Coulrophobia is an irrational or uncontrolable fear of clowns. Why, you might wonder, would anyone be afraid of clowns? Who wouldn't laugh at their antics? Who could help smiling at their funny costumes and makeup? They're like real-life cartoons. What could possibly be scrary about a clown?
Xander: Remember my sixth birthday party?
Willow: (laughs) Oh, yeah! When the clown chased you and you got so scared that you had...
(stops smiling) Oh!
- Buffy the Vampire Slayer
Like any phobia, the origin and degree of coulrophobia differs widely from case to case. For some it starts due to a traumatic childhood experience, while for others it manifests later in life without a discernable origin. Some people simple don't trust anyone in a clown suit, while others will go fetal at the sight a clown suit just hanging on a rack. Lucklily enough, aside from the occasional street mime, most adults have no problems avoiding clowns. Children, on the other hand, are the often forced into contact with them at one time or another as youngsters, at birthday parties or more likely as part of a county fair or circus experience.
"I am not the type to faint
When things are odd or things are quaint
But seeing things you know that ain't
Can certainly give you an awful fright!
- Pink Elephants on Parade
At the intersection of circuses and cartoons you'll find "Dumbo". Ask any child if they trust those clowns (let alone the pink elephants) and you'll see how truely smart children are. While cartoons may be fun to watch, no one would want to be in one unless they were suicidal. Between falling pianos and magically-appearing sticks of dynamite, any normal person would end up dead in a hurry. We laugh at cartoons, but some part of us laughs because we're scared. Despite their bright colors and snappy music, at their heart cartoons are scary, depicting a world where nothing can be trusted, especially not appearances.
We all float down here, Richie!
Stephen King may have brought the terrifying aspect of clowns into the public consciousness when he introduced the world to Pennywise in "It", but he certainly didn't invent the idea. Poltergeist had parents avoiding their children's clown dolls for years after its release. In "The Cabinet of Dr. Caligari", Cesare, while not literally a clown, certainly fits the description. Or look at The Phantom of the Opera: the Phantom wears a mask to hide his deformed and inhuman visage, but his mask cannot hide the lack of humanity in his actions.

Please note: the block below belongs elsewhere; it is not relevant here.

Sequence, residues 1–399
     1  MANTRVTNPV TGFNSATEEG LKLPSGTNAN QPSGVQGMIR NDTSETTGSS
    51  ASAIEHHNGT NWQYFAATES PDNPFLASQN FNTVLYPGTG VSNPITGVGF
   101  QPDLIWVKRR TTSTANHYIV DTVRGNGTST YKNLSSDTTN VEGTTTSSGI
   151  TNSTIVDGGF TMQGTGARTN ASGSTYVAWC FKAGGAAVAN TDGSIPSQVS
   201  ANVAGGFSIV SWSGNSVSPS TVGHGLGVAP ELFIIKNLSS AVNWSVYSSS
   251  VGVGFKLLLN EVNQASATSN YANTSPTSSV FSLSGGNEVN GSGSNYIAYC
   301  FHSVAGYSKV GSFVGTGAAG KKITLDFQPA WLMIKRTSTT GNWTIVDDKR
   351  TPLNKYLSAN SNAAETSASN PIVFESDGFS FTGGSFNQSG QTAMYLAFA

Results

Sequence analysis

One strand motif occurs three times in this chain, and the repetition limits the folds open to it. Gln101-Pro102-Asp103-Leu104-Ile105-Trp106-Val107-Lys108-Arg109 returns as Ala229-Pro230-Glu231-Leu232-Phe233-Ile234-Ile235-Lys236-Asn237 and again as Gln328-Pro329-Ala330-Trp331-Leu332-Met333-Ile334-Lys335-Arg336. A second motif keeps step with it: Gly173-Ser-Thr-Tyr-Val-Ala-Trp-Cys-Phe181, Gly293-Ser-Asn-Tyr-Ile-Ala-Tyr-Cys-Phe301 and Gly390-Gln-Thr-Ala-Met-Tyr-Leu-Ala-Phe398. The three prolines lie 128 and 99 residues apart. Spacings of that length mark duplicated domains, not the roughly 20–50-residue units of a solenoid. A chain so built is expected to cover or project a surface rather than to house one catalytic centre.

A clown is funny in the circus ring,
but what would be the normal reaction to opening a door at midnight
and finding that same clown standing there in the moonlight?
- Lon Chaney, Sr.
Clowns were scary long before they were regarded as evil. Their very appearance screams, "I live outside your rules!" In The Power of Myth, Joseph Campbell points out that many cultures didn't follow the Hindu or Egyptian pattern of giving gods animal heads or multiple arms to make them inhuman. Instead, they depicted their gods with brightly colored, mask-like faces. They did this to represent something beyond comprehension, something alien. Instead of whatever is really there, we see a mask, a clown face - something safe and understandable - and yet very certainly not natural, not part of any sane reality.
Can't sleep, clowns will eat me
What does all this mythology have to do with the nice person you might hire to entertain at your child's birthday party? A lot actually. Under the face paint and polka-dots is a person. That person, if he (or she) is a professional, has taken the time to register their unique clown face with one of the clown registries. They have chosen to be a professional trickster, to follow in the footsteps of Loki and Coyote. They wear their smiles or tears as a mask, part of the clothing they take off at the end of the day. Maybe that's not the kind of person you want around your children.
I used to love being a clown. It meant you could get away with murder.
- John Wayne Gacy, Jr.
Clive Barker's A - Z of Horror
Matt_t_hat's phobia list